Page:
A guest post by Karen Nemeth
Excellence in early childhood education is a wonderful goal that we’d like to achieve for all young children. As the population changes, that means all early childhood teachers should be prepared to teach children who speak different languages. Right now as many as 20%-25% of the children in preschool come from different home language backgrounds. A growing body of research strongly tells us that preschool children need to continue learning in their home language while they also begin to learn English. Dropping them right into an English-only environment too early is likely to hurt their chances of succeeding as they go through the later grades. How can you feel confident about meeting diverse language needs? I have worked with so many teachers on this topic over the years that I have been able to develop a few simple strategies you can use right away in any early childhood education classroom.
What’s in a name?
You’ll want to really connect with every child, especially if they are worried about not speaking your language. To start, be sure you know how to pronounce every child’s name correctly. It may not always be easy, but it’s worth it. After all, their name is the key to their identity!
Know the language.
Find out what language the family speaks at home. Don’t assume you know their language based on their last name. Sometimes the family will be reluctant to tell you and they may ask you to teach their child only in English. You can confidently tell them that you share their desire to see their child succeed in English, and research says the best way to make that happen is by supporting their home language in preschool. You need to know the home language(s) so you can provide the learning supports each child will need.
Learn survival words
If you visit a country where everyone speaks another language, do you really care about the days of the week or the colors? Of course, not! You want to know how to ask for food or a bathroom. Survival words are terms that will meet a child’s urgent needs or help them feel welcome when they first walk into your classroom. You don’t need to take a language course – just start with the following and ask parents to record how they say the words or write them phonetically for you.
Make it real
When children speak little English it’s a good idea to use as many real items in the classroom as possible. The focus should be about building on prior knowledge. We do that by using things that are already familiar to the children. If you introduce a new set of plastic shapes, for example, the children will have to spend time figuring out what they are and what to call them and they may not get to learn about sorting at all. If, instead, you bring out a basket of socks, they already know what they are so they can focus on sorting and matching skills. Then, if you use the same socks to make puppets later in the week, you will get even more mileage out of everyone’s shared knowledge and vocabulary in home languages and in English. This also helps the children learn English words they can actually use. Knowing how to say ‘socks’ will fill a lifelong need. Knowing how to say ‘little plastic shapes’ is not so useful.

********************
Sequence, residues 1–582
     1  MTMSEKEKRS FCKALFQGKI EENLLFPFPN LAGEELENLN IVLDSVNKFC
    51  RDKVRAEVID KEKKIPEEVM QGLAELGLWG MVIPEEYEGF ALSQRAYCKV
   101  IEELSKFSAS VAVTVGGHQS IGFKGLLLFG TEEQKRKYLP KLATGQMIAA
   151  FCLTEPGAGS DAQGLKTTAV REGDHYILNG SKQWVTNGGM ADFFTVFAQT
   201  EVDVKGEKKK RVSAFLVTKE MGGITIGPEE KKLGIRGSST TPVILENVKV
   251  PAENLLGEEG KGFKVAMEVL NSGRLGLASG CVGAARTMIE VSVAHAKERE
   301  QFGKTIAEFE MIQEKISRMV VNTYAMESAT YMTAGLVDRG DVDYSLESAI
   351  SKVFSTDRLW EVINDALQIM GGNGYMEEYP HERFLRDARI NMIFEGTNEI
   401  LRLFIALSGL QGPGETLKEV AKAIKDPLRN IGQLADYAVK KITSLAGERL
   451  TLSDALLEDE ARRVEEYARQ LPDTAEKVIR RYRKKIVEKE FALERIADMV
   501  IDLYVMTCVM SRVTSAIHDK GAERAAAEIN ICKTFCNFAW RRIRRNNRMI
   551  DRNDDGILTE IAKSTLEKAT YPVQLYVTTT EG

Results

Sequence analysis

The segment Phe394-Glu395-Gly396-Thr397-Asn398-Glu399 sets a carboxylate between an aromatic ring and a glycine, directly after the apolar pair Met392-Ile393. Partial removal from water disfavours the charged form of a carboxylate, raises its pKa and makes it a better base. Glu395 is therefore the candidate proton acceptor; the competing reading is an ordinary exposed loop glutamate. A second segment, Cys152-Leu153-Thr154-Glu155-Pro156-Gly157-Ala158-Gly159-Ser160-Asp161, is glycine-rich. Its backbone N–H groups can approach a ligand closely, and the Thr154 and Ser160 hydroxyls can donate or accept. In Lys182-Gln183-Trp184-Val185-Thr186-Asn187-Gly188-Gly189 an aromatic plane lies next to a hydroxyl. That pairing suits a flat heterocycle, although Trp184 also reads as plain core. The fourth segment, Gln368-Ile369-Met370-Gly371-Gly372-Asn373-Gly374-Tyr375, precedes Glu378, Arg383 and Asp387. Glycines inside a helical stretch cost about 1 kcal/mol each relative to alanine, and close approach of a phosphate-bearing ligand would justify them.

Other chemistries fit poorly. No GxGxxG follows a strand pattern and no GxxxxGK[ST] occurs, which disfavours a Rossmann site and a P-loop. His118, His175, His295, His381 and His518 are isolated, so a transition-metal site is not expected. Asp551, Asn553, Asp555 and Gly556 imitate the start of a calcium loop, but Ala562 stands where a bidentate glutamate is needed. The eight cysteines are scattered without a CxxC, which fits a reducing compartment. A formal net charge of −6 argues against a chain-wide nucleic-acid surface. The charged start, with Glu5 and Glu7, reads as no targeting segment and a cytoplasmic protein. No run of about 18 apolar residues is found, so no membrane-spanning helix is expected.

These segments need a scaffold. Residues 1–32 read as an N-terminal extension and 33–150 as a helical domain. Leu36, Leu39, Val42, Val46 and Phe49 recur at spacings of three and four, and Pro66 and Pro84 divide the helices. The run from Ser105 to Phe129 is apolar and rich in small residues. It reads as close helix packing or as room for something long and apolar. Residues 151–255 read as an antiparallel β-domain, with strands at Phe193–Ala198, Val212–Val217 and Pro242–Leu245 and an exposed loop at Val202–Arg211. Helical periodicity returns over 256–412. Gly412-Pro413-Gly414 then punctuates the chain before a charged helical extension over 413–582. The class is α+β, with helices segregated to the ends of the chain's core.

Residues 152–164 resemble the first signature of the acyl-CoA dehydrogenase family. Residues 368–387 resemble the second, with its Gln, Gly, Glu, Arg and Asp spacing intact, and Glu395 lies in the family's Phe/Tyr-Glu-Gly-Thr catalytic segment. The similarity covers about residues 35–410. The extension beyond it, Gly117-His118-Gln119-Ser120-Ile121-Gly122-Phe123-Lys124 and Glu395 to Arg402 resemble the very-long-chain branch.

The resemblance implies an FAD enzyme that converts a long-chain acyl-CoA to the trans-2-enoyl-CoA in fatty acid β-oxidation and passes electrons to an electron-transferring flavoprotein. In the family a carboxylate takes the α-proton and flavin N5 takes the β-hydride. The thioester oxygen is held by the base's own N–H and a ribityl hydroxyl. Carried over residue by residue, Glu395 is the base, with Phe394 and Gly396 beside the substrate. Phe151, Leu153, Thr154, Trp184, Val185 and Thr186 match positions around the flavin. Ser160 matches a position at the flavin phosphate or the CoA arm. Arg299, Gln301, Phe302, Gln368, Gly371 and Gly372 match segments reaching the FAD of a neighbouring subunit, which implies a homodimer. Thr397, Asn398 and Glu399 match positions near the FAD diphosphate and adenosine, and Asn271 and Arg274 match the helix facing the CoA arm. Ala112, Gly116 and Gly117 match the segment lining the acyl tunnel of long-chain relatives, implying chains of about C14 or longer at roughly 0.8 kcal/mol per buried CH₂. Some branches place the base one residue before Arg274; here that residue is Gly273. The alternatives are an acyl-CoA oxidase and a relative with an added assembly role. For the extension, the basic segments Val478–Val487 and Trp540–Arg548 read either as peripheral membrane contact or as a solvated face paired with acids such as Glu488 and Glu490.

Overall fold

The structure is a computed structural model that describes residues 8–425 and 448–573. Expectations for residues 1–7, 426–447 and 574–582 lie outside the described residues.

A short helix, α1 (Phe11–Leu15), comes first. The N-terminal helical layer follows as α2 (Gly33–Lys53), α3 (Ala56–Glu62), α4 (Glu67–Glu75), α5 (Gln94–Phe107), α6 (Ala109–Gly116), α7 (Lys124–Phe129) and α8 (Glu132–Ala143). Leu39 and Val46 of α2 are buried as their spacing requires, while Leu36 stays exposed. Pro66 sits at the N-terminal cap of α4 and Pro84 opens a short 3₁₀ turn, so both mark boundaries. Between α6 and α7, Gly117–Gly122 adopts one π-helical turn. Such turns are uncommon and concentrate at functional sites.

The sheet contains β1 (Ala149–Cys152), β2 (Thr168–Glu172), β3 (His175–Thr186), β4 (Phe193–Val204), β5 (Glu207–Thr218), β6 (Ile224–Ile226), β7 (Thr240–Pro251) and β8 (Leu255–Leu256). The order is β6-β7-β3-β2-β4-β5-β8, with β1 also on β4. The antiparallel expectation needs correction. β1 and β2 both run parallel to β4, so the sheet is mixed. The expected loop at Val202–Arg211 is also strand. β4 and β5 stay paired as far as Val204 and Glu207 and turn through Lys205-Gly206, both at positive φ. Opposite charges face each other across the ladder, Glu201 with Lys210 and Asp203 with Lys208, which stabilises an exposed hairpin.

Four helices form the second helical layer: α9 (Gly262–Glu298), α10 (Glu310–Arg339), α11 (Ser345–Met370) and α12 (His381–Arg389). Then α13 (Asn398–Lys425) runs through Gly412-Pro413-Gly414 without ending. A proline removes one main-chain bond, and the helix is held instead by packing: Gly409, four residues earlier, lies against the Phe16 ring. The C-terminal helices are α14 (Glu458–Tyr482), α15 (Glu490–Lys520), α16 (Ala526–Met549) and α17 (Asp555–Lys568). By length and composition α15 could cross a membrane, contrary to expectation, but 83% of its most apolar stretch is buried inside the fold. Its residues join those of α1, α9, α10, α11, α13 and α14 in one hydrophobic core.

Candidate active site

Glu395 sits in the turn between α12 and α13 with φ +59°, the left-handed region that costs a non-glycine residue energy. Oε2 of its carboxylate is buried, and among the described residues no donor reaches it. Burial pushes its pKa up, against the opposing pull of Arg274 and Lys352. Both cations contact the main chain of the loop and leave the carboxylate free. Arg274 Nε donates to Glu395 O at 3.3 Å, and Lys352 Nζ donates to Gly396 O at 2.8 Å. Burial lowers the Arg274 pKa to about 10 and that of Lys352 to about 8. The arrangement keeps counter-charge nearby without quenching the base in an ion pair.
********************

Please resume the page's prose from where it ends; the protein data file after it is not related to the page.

Don’t forget to sing
The rhythms, repetition, and movements of music will help you and the children build vocabulary in English and the other languages they speak. Pick songs that are authentic and familiar to you as well as to the children. It will be easy for you to learn words in another language if they are set to a song you already know.
Make reading meaningful
Try to have wonderful, authentic, well written books in the home languages of all the children in your classroom. They should be about the same proportion. If you have half English and half Spanish speakers – then half the books on your shelves should be in Spanish. If you have rarer languages, ask your public library to help, or ask parents/volunteers to translate some of your books. Use digital photos to make class books that parents or volunteers can fill with words in their languages. And don’t be afraid to try reading in other languages. You’ll be amazed at how helpful your little bilingual learners will be! They love to have a turn at being the expert!
Resources, resources, resources…
Make a difference!
Teaching children from different languages is a both a privilege and a challenge. It truly is a wonderful goal to provide excellent early childhood education to all children – not just the easy ones!
A Note from Deborah…
I want to express my greatest appreciation to Karen for sharing her expertise on the topic of ESL. I met Karen several weeks ago and listened to her speak on this topic at NAEYC. While listening to her speak, I knew that she would be such an asset to know and learn from. When I asked her to write about ESL for my blog, she didn’t even hesitate. I hope you will be sure to follow Karen’s blog – it is a connection you will greatly appreciate as you continue in the field of early childhood education.